Book 5 – In which Odysseus thinks he knows best, but he’s actually an idiot.

'Err, lil' help?' Leocothea by Waterhouse.

‘Err, lil’ help?’ Leocothea by Waterhouse.

Books 1-4 have dealt with Telemachus and his quest to go and find his dad, for book 5, we cut to Mount Olympus. Athene tells Zeus how she feels sorry for Sean Bean (sorry, Odysseus) and that he should convince Calypso to convince her to let him go. He sends Hermes down to have a word with her.

Odysseus has spent his days in Calypso’s plush house, which from Homer’s description, sounds a bit like Liberace’s, eating nice food and having sex with her. However, he does a lot of sitting on the beach and being sad, as he wants to get home to his mortal wife. Calypso is a bit peeved he still misses Penelope, and he explains to her that of course she’s not as attractive as Calypso and of course, as a mortal will get old and wrinkly (best not repeat that in Penelope’s hearing) but he still wants to go home. With some influence from Zeus via Hermes, she decides to have sex with him one more time, then let him go. Not just that, she builds him a boat and packs him a picnic. Ahh, bless.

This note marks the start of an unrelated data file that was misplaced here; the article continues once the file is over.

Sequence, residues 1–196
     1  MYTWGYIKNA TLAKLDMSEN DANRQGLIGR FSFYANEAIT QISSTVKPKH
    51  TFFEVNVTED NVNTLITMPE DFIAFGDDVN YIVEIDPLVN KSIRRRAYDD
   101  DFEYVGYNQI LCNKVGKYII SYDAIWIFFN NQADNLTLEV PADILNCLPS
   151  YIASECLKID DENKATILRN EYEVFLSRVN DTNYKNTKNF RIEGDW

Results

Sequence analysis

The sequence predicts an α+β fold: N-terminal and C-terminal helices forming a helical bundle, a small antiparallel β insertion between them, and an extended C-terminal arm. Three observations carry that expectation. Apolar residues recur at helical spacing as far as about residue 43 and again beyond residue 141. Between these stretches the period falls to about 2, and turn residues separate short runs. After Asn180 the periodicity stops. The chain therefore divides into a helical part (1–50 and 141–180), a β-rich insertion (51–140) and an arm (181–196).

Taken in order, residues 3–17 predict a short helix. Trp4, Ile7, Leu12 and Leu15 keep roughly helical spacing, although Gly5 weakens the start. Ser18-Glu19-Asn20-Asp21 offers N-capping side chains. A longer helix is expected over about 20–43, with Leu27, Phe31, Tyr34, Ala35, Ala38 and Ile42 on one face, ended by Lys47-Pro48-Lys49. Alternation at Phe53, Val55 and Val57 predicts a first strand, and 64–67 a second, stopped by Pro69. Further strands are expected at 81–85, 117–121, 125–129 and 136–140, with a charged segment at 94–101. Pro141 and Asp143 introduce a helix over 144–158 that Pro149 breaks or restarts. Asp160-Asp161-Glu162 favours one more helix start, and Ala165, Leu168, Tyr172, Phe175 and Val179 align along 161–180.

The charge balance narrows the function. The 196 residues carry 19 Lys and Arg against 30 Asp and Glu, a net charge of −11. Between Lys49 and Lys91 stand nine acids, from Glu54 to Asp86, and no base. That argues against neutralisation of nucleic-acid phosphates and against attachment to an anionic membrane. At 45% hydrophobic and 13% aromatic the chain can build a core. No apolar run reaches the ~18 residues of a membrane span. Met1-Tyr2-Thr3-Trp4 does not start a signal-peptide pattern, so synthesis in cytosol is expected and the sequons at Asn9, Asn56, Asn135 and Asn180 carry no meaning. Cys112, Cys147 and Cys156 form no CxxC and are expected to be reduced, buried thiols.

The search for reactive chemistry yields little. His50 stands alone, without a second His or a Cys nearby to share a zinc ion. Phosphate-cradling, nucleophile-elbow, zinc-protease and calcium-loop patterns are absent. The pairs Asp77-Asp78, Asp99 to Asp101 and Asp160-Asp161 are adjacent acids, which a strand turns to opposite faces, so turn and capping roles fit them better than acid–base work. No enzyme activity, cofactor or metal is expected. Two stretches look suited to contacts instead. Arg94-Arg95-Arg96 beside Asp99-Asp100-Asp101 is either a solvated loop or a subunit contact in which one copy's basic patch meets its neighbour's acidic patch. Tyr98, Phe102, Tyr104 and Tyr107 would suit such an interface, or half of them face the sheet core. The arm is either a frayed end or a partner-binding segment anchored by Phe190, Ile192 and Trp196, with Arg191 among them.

Bean on the beach, thinking about how great it it would be to get home to his wife, Penelope, who probably has lower standards than Calypso.

Bean on the beach, thinking about how great it it would be to get home to his wife, Penelope, who probably has lower standards than Calypso.

Poseidon wasn’t at the meeting with the other gods, and he doesn’t like Odysseus, so he starts battering his raft with all kinds of waves. Ino, a human queen who turned into the goddess Leucothea, and who according to Homer had beautiful ankles, feels sorry for him, and gives him a veil to tie around himself which will stop him from downing (an orange, inflatable veil, I presume), and says if he just gets off the raft, the waves will take him safely to his destination, Scheria, the island of the Phaeacians, and then he must throw back the veil. However, Odysseus is a man, and decides he knows better than the goddess with the sexy ankles (tsk, tsk), and all the while the boat holds together it is where he’ll stay. Just then, a giant wave wrecks the boat (ha!), and he has to follow Leucothea’s advice. Athena then has a word with the winds, and he is indeed guided safely to land, and after some fuss about climbing some rocks, throws back the veil, and lays on the ground, ever so glad to have survived. I once felt like that after a bad trip on the Isle of Wight hovercraft.

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